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CWS FaithandValues.com Web Cast Dec. 10 to Explore
'A Time to Heal: Lessons from Oklahoma City'

Session streamed live on www.faithandvalues.com
Monday, December 10, 2 p.m. to 4:00 p.m.

Available subsequently on demand.  Click on "Today's News,"
then search for Church World Service for links to past Web casts

December 5, 2001 – In a strange, almost perverse kind of way, the people of Oklahoma City have an advantage over just about everyone else in America when it comes to dealing with the shock and horror of September 11. In a sense, they'd already been through it.

There's no sensible way of comparing the 1995 bombing of the Alfred P. Murrah Building and its 168 casualties with the loss of the World Trade Center towers and their thousands of victims. But the intensely personal impacts caused by these tragedies follow a similar pattern, and in the past six years many of those most affected by the Oklahoma City blast have come farther on the road to healing than they could ever have imagined possible.

At the same time, professional caregivers – psychologists, counselors and ministry professionals -- have learned some vitally important lessons about how to help people cope with overwhelming grief. Now, Church World Service, a broadly based relief agency, will provide people throughout the country the chance to hear from the Oklahoma City community and their attempt to fashion a new understanding of life together after their own terrorist experience.

Three caregivers – an author and grief counselor, a psychologist and former president of the Murrah Building Survivors Association, and a police chaplain – will share their insights in a live Web cast on the interfaith Web site FaithandValues.com. Church World Service is sponsoring the Web cast as part of its commitment to providing pastoral care resources in the wake of the September 11 attacks.

Panelists include:

  • Paul A. Heath, a psychologist in private practice, was Psychologist and Officer in charge of the Veterans Administration office in Oklahoma City from 1968 to 1999. He helped to form the Murrah Building Survivors Association and served as its president from 1995 to 1998. The Air Force association named Dr. Heath the Department of Veterans Affairs Employee of the Year for his "selfless actions and compassion" following the bombing.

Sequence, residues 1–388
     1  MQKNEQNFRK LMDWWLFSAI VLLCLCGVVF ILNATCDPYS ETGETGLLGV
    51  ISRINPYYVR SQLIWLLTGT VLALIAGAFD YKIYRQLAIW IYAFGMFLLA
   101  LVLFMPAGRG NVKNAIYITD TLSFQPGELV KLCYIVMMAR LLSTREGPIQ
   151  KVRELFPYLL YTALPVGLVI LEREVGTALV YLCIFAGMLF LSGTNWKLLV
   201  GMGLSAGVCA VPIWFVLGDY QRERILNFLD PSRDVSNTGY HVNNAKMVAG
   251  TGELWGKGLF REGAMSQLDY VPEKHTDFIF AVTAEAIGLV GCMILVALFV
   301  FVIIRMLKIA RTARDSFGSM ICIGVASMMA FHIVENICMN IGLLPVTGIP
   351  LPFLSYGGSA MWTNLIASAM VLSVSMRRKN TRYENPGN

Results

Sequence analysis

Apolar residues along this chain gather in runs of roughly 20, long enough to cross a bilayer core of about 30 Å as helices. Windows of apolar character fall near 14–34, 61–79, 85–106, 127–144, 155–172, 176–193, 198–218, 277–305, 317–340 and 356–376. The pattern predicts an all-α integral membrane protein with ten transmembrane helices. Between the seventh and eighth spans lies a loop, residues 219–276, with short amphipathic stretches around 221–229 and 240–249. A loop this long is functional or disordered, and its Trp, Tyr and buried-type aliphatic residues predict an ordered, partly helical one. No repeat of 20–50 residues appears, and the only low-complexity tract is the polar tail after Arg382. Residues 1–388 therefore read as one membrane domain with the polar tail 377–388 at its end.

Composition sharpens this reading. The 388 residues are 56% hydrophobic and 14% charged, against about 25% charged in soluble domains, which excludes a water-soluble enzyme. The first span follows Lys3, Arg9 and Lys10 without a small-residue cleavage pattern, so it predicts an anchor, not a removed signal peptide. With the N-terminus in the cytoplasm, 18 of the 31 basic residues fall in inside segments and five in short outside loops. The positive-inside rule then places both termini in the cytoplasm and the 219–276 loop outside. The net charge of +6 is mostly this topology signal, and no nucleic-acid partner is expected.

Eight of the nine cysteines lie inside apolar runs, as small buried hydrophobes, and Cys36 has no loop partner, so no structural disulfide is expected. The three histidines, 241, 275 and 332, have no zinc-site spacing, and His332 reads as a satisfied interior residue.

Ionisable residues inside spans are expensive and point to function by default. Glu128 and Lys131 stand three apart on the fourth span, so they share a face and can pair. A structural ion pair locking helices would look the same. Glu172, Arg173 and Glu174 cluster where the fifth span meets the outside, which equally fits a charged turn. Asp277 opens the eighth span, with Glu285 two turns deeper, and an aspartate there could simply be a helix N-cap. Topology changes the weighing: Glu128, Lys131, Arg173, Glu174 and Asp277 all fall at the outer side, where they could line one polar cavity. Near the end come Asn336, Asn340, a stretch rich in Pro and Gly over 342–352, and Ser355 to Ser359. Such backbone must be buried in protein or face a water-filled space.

• Doug Manning is the author of Don't Take My Grief Away From Me and When Love Gets Tough. He became a full-time writer, lecturer and counselor in 1982 after an earlier career in ministry. He has conducted professional development seminars and community bereavement conferences after the Oklahoma City bombing, shootings in Jonesboro and Ft. Worth, and after the September 11 attacks. Most recently he was a keynote speaker at the World Gathering on Bereavement held in Ohio in July.
  • Jack Poe is the Chief of Chaplains for the Oklahoma City Police Force. Dr. Poe was one of several Oklahoma City chaplains asked to take charge of pastoral care in the New York City morgue set up after the September 11 bombings. He had been at the Murrah Building in within 15 minutes of the bombing and began coordinating ministry efforts there. Six years later, as a member of the Critical Incident Working Group, a program funded by the U.S. department of justice, Dr. Poe continues to provide care for victims of the Murrah bombing.

Broadcast journalist Arthur Cribbs Jr. moderates the panel. Mr. Cribbs, a former executive director of the United Church of Christ's Office of Communication, is now pastor of the Christian Fellowship Congregational Church in San Diego and the President of Pacific Media Ministries in San Diego.

Anyone who still struggles to come to terms with the attacks or to cope with their effects on themselves or their families will benefit from hearing the stories and practical insights of the panelists. Clergy, lay leadership, caregivers and professionals, in particular, will receive sharpened tools to help others deal with the fear; isolation and grief related to the September 11 attacks.

This last of four Church World Service Web casts on the theme Tragedy and Spiritual Care. Earlier Webcasts include:

  • Everyday Heroes (originally webcast November 19, 2001), an examination of the sources and motivations for heroic acts performed without warning or preparation by common citizens.
  • Faith in America after 9/11 (originally webcast October 22, 2001), focusing on the expanded role of faith in public life since the September 11 attacks.
  • Tragedy and Spiritual Care (originally webcast September 30, 2001), focusing on the need for long-term pastoral and emotional care.

All the Web casts are available for on-demand viewing at www.faithandvalues.com.

FaithandValues.com is an inter-faith Web site supported by mainline faith groups representing 200,000 congregations with a combined membership of more than 120 million Americans. Additionally, it offers Web site development and hosting and provides streaming audio and video services. For more information, call 859-422-0425 or visit the Web site at www.faithandvalues.com.

Church World Service works in more than 80 countries to meet human needs and foster self-reliance. CWS works on behalf of the National Council of Churches and its 36 Protestant, Anglican, and Orthodox communions in the U.S., in programs of social and economic development, emergency response, assistance to refugees, education and advocacy, and ecumenical relationships. For more information, call 1-800-297-1516 or visit the Web site at www.churchworldservice.org.

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